I like the principle of 'never assume malice what can be explained by incompetence'. The article may well be distortion of the maker's views on it, this can easily happen when PR departments put a spin on things and when journalists don't understand a subject but have a deadline to meet. I wonder if the line "claim the image quality from the PiKon telescope compares to models costing 10 times as much..." might stem from a misunderstood comparison with a Hyperstar. (But if so, why hasn't it been corrected by now?)

The BBC has a great reputation for being fair and unbiased in its reporting but I agree that this article doesn't really challenge the makers claims. The makers are making unsubstantiated claims and the journalist has not challenged these at all. If all the parts were printable except the Pi, camera and tube (you could substitute a cheap cardboard tube) then that would be fair. You still need to obtain a mirror and tube to complete the project as it is at the moment and how many people own or have free access to a 3D printer?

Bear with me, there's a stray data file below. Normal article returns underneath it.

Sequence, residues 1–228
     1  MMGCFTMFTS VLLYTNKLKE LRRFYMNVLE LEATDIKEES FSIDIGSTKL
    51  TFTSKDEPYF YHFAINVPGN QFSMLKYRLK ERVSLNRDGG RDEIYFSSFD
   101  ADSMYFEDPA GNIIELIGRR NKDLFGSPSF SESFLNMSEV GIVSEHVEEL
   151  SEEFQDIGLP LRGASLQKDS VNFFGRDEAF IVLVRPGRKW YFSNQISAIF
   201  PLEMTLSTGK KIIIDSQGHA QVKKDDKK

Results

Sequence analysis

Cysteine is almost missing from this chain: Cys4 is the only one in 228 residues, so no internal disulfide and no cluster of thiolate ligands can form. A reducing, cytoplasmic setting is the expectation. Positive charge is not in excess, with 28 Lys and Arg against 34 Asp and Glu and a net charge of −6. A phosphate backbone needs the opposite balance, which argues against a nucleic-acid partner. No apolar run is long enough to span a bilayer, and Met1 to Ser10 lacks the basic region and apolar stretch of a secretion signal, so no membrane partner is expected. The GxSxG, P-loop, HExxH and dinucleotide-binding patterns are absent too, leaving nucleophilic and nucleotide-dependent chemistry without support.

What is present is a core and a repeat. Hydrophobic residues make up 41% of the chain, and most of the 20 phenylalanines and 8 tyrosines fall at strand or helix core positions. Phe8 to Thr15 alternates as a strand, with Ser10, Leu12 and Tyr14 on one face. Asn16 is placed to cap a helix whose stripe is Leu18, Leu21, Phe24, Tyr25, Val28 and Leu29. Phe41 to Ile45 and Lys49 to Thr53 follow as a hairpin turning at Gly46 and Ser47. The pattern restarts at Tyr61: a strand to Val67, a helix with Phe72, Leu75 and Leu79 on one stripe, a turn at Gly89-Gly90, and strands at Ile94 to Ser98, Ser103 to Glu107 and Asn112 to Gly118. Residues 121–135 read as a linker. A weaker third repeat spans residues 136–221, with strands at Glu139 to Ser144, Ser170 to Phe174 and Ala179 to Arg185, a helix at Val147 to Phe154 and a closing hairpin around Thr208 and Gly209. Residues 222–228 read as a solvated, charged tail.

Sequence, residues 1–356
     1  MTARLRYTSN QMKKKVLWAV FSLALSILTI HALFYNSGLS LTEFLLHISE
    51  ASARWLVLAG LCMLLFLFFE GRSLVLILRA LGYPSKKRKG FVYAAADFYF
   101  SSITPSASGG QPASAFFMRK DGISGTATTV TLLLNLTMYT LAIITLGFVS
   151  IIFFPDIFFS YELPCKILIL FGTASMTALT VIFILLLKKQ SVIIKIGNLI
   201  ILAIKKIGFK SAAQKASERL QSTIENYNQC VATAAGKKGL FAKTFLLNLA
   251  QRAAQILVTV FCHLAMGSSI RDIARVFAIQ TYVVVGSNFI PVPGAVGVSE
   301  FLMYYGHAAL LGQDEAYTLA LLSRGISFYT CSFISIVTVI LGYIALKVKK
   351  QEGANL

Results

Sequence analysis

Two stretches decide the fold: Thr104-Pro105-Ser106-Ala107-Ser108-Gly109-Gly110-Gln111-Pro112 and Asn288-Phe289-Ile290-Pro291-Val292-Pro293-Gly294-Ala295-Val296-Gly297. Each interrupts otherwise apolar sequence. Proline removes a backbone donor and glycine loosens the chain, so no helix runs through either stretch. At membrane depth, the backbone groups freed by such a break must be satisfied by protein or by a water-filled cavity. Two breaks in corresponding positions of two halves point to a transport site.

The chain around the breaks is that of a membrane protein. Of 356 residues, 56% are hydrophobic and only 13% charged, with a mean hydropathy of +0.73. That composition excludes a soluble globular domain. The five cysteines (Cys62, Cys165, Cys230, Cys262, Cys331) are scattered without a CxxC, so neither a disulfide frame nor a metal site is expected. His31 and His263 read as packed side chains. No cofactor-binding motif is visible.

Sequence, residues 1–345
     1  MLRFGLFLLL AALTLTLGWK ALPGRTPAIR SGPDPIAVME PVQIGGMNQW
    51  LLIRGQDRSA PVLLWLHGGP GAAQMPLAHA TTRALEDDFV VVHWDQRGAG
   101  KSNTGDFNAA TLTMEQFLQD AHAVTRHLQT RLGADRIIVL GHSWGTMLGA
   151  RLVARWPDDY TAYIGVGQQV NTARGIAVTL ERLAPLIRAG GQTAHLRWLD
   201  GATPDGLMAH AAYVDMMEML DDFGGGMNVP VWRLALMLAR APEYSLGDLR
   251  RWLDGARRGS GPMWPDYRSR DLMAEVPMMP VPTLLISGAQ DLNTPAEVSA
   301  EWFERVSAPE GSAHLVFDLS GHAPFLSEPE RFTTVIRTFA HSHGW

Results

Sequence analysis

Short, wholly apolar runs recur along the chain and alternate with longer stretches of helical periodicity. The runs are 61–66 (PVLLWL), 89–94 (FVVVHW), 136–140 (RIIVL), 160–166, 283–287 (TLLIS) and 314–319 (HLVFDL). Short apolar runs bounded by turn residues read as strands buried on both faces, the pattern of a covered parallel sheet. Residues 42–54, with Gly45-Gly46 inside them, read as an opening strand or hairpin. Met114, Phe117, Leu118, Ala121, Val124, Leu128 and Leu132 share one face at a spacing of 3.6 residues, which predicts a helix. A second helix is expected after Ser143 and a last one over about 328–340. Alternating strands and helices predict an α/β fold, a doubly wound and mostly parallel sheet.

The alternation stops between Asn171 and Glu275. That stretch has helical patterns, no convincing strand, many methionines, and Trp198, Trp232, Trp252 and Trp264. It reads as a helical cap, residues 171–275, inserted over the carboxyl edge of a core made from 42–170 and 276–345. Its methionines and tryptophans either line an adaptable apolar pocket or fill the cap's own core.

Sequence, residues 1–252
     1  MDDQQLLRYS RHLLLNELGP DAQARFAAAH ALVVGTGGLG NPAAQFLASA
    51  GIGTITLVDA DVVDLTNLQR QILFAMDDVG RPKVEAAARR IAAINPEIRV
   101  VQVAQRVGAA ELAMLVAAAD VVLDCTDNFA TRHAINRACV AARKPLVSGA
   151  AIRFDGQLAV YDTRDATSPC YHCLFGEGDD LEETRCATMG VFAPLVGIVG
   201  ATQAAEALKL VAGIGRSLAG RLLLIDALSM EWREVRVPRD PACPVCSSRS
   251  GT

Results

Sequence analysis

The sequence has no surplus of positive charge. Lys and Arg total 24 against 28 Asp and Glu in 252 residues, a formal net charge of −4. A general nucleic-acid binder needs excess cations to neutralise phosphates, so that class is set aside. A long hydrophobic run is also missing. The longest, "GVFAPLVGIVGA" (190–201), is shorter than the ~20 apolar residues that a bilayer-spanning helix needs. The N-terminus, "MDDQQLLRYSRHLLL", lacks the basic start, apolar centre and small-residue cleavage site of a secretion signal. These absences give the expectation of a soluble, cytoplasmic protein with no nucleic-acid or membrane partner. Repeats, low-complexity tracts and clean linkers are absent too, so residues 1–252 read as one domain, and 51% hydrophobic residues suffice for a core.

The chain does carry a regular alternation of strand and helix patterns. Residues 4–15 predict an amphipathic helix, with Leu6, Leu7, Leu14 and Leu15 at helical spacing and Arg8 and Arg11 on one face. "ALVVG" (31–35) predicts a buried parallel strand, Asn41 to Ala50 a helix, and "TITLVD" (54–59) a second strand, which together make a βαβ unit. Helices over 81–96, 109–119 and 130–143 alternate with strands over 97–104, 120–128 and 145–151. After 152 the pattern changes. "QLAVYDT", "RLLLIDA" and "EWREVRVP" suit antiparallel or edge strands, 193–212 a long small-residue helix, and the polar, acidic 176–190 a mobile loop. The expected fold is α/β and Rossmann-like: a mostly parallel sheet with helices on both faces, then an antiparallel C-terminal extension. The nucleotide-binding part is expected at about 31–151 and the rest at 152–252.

• Like 1

Share this post


Link to post
Share on other sites

"No one expects the Spanish Inquisition"

Hi, I am the person behind the 3D printed telescope in this news article!

The project started when I applied to Sheffield University for funding from their "Festival of the Mind" community engagement programme.

I'm not an astronomer, I'm a semi-retired physicist with a passion for photography. My "coding" skills go back to Fortran IV and Commodore 64s, so I'm pretty interested in new technologies and wanted to get my hands on a 3D printer which Festival of the Mind kindly supplied. I'm also a Council Member of the Institute of Physics and I'm always looking for projects that will enthuse young people.

My collaborators at Sheffield University are physicists with an enthusiasm for the "maker" community.

So the object of the exercise here was to make something which included Raspberry Pi and 3D printing. It's called "disruptive technology" because we believe that Raspberry Pis and 3D printing are game changers. In this case things which will democratise science and technology.